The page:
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Gene Variant Linked to Worse Outcomes in Pneumonia

Last Updated: April 28, 2009.

Patients hospitalized with severe pneumonia have a higher risk of death and spend a longer time on mechanical ventilation if they have a variant of the plasminogen activator inhibitor-1 (PAI-1) gene, according to a study in the May issue of Anesthesiology.

TUESDAY, April 28 (HealthDay News) -- Patients hospitalized with severe pneumonia have a higher risk of death and spend a longer time on mechanical ventilation if they have a variant of the plasminogen activator inhibitor-1 (PAI-1) gene, according to a study in the May issue of Anesthesiology.

Anil Sapru, M.D., from the University of California in San Francisco, and colleagues analyzed the distribution of the 4G allele of the PAI-1 gene, which is associated with higher levels of the PAI-1 protein and higher mortality and hospitalizations, in 111 patients in the intensive care unit with severe pneumonia.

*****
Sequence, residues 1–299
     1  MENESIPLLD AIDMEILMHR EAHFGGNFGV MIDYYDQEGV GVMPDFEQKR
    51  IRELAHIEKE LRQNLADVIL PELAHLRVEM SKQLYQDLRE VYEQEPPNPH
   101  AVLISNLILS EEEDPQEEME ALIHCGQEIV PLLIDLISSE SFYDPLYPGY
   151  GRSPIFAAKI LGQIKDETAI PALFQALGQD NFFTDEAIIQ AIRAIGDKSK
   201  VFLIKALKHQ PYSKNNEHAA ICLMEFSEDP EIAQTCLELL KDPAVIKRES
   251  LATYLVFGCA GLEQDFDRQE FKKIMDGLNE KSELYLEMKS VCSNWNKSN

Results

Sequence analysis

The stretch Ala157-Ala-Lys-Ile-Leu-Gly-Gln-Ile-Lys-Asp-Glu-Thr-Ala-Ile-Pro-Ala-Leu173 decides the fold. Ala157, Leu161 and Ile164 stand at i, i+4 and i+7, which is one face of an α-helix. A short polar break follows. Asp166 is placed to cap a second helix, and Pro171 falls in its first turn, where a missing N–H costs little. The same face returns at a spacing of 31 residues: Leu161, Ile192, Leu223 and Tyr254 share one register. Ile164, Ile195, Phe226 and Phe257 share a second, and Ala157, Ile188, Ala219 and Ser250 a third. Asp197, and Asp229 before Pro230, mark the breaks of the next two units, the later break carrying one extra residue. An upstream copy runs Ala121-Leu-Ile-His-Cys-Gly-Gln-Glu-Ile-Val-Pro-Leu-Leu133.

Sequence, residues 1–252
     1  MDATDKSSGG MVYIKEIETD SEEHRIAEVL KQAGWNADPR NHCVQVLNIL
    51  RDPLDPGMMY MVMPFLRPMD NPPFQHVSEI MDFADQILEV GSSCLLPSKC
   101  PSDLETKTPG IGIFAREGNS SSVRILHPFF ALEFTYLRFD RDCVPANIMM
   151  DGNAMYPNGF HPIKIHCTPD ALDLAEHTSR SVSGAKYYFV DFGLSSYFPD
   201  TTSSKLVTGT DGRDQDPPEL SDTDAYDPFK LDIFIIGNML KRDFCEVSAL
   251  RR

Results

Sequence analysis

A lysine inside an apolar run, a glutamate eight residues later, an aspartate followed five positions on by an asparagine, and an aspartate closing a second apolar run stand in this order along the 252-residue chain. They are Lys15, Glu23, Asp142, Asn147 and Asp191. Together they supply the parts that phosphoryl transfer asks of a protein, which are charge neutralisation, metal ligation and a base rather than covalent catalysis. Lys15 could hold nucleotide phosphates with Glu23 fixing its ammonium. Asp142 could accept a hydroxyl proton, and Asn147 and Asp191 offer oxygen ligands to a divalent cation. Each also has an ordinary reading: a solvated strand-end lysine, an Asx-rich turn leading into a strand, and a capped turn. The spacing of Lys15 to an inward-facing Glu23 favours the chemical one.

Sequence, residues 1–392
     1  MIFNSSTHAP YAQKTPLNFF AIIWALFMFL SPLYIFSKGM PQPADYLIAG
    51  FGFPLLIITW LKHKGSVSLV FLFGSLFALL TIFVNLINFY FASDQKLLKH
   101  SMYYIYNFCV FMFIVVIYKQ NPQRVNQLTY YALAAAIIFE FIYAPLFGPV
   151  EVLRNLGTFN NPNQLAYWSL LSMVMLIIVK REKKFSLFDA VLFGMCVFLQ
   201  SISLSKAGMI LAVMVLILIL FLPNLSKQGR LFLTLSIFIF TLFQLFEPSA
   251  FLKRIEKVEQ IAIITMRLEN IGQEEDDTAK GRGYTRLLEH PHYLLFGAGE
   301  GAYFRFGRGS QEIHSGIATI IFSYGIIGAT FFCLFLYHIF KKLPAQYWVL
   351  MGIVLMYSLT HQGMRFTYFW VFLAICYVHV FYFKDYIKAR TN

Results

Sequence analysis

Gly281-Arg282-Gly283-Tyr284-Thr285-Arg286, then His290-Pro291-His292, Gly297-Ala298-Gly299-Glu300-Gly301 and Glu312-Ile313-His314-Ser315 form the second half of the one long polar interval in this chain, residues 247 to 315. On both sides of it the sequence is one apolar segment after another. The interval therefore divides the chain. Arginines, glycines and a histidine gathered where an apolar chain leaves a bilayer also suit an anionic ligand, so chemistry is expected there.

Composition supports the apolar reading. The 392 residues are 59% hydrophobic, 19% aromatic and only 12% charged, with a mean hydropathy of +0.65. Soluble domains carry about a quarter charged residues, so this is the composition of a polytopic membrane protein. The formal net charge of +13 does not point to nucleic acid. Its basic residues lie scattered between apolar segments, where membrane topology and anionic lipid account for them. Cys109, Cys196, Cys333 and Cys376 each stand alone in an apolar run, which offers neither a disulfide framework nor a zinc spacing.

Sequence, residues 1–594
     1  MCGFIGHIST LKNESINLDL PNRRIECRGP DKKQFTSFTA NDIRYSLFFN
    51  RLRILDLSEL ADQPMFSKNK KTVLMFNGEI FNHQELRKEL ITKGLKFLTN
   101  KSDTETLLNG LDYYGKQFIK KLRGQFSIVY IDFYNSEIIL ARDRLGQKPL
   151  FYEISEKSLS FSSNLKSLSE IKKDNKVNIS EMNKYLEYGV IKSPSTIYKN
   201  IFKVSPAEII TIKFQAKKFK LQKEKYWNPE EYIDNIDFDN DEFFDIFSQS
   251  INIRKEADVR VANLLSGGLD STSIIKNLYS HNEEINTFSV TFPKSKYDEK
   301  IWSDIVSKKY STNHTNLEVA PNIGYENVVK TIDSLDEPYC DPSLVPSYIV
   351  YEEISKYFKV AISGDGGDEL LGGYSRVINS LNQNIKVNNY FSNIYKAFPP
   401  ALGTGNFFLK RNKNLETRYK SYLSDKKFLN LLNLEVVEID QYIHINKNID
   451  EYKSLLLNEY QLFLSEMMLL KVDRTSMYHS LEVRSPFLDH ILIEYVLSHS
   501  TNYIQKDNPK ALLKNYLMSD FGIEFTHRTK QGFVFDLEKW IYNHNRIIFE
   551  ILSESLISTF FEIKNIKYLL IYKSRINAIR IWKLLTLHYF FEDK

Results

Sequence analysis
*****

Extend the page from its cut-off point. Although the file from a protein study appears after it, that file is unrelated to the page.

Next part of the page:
The researchers found that 23 percent of patients were homozygous for the 4G allele (4G/4G), 53 percent were heterozygous for the 4G allele (4G/5G), 23 percent were homozygous for the 5G allele (5G/5G), 29 percent died before discharge, and 94 percent received mechanical ventilation. Compared with patients homozygous for the 5G allele, patients with at least one 4G allele had significantly higher mortality (35 versus 8 percent) and significantly fewer ventilation-free days (median 4 versus 13 days).

"The 4G allele of the 4G/5G polymorphism in the PAI-1 gene is associated with fewer ventilator-free days and increased mortality in hospitalized patients with severe pneumonia," Sapru and colleagues conclude. "These findings suggest that PAI-1 may have a role in pathogenesis and that the 4G/5G polymorphism may be an important biomarker of risk in patients with severe pneumonia."

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